Analog television

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Analog television or analogue television is the original television technology that uses analog signals to transmit video and audio.wikipedia
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Digital television transition

digital switchoveranalog shutdowntransition
Motivated by the lower bandwidth requirements of compressed digital signals, since the 2000s a digital television transition is proceeding in most countries of the world, with different deadlines for cessation of analog broadcasts.
The digital television transition, also called the digital switchover (DSO), the analog switch-off (ASO), the digital migration, or the analog shutdown, is the process in which older analog television broadcasting technology is converted to and replaced by digital television.

Television

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Analog television or analogue television is the original television technology that uses analog signals to transmit video and audio.
Until the early 2000s, these were transmitted as analog signals, but a transition to digital television is expected to be completed worldwide by the late 2010s.

Digital television

digitaldigital TVDTV
All broadcast television systems used analog signals before the arrival of digital television (DTV).

NTSC

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The colors in those systems are encoded with one of three color coding schemes: NTSC, PAL, or SECAM, and then use RF modulation to modulate this signal onto a very high frequency (VHF) or ultra high frequency (UHF) carrier.
NTSC, named after the National Television System Committee, is the analog television color system that was introduced in North America in 1954 and stayed in use until digital conversion.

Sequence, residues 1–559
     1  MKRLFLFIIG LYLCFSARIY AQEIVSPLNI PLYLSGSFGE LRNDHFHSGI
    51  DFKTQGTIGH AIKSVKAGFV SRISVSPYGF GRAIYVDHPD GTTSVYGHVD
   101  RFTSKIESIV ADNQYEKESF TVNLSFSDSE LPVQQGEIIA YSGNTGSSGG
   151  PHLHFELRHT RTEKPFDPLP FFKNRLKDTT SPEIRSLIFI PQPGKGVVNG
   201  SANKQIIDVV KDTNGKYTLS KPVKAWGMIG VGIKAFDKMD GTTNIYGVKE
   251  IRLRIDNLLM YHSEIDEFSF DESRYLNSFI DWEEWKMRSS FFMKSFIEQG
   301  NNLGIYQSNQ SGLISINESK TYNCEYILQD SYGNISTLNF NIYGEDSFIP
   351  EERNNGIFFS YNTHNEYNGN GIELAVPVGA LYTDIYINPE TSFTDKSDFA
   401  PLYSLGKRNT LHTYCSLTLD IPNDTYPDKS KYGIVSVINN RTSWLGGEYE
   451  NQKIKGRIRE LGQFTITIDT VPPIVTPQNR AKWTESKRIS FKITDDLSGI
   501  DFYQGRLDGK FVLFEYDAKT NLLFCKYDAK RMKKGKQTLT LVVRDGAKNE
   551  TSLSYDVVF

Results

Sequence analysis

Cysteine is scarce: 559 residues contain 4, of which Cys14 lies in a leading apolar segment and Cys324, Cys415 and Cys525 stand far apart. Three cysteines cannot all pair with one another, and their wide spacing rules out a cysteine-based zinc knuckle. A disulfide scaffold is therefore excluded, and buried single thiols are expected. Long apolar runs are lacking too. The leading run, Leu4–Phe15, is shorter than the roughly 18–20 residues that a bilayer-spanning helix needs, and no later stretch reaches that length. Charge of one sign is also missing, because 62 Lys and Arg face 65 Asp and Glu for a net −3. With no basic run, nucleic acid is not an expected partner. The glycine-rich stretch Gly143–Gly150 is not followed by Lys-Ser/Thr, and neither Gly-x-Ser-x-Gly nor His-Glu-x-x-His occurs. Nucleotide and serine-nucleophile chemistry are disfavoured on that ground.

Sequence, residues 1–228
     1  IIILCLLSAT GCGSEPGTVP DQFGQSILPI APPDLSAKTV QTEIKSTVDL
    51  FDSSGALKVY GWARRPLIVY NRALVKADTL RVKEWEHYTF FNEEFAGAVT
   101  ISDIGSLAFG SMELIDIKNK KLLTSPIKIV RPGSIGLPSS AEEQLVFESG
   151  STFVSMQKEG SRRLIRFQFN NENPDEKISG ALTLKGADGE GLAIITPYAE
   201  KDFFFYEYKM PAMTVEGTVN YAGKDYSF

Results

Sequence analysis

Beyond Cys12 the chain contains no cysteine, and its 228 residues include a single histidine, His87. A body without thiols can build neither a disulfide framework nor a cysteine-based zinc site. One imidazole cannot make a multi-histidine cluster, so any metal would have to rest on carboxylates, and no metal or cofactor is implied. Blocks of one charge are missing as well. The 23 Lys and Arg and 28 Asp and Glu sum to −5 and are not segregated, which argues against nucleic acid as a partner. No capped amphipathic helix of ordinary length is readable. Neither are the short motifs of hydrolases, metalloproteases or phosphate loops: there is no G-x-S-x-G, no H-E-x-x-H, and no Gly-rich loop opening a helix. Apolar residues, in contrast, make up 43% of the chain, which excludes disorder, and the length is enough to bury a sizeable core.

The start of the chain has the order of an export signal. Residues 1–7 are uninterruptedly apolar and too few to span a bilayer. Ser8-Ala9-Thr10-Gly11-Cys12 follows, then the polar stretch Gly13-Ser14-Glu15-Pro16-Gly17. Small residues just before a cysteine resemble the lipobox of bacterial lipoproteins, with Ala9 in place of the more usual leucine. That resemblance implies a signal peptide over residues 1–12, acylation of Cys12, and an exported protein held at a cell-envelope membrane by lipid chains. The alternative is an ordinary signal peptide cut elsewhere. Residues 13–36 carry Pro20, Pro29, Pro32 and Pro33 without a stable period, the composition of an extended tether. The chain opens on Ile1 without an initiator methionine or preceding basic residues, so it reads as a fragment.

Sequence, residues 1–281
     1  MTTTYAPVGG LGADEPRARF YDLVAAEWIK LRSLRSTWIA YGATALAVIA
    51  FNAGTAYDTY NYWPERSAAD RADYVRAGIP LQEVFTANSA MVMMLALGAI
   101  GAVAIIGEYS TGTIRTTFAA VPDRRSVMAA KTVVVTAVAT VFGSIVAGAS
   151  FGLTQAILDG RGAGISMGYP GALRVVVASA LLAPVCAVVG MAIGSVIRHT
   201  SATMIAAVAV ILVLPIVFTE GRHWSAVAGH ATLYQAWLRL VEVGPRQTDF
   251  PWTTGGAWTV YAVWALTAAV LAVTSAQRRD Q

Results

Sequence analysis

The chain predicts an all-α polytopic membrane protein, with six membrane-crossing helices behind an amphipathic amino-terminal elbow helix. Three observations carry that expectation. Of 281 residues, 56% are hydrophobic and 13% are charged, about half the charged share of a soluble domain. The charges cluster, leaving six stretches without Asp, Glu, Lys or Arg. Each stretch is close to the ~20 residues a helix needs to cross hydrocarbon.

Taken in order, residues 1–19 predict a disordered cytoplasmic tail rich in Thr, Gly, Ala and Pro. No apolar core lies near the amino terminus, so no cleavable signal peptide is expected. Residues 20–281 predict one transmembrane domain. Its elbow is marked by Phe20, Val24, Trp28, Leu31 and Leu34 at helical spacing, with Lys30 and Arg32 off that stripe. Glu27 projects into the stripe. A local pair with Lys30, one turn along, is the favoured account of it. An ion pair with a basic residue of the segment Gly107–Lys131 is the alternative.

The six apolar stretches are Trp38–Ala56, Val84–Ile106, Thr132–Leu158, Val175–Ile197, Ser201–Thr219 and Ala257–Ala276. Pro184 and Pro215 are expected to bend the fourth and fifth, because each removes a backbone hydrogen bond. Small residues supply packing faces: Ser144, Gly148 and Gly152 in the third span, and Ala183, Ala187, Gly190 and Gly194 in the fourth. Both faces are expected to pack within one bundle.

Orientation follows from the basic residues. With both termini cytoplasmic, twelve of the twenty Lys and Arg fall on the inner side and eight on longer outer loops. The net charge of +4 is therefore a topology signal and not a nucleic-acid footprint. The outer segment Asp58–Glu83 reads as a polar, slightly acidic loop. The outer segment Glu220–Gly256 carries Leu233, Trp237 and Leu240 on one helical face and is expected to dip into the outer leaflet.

PAL

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The colors in those systems are encoded with one of three color coding schemes: NTSC, PAL, or SECAM, and then use RF modulation to modulate this signal onto a very high frequency (VHF) or ultra high frequency (UHF) carrier.
Phase Alternating Line (PAL) is a colour encoding system for analogue television used in broadcast television systems in most countries broadcasting at 625-line / 50 field (25 frame) per second (576i).

SECAM

SÉCAMCIS-SECAMSECAM L
The colors in those systems are encoded with one of three color coding schemes: NTSC, PAL, or SECAM, and then use RF modulation to modulate this signal onto a very high frequency (VHF) or ultra high frequency (UHF) carrier.
SECAM, also written SÉCAM (, Séquentiel couleur à mémoire, French for "Sequential colour with memory"), is an analog color television system first used in France.

Cable television

cablecable TVcable channel
Analog television may be wireless (terrestrial television and satellite television) or can be distributed over a cable network using cable converters (cable television).
Analog television was standard in the 20th century, but since the 2000s, cable systems have been upgraded to digital cable operation.

Broadcast television systems

broadcast television systembroadcast TVbroadcast
All broadcast television systems used analog signals before the arrival of digital television (DTV).
There were three main analog television systems in use around the world until the late 2010s (expected): NTSC, PAL, and SECAM.

Digital subchannel

subchanneldigital multicastsubchannels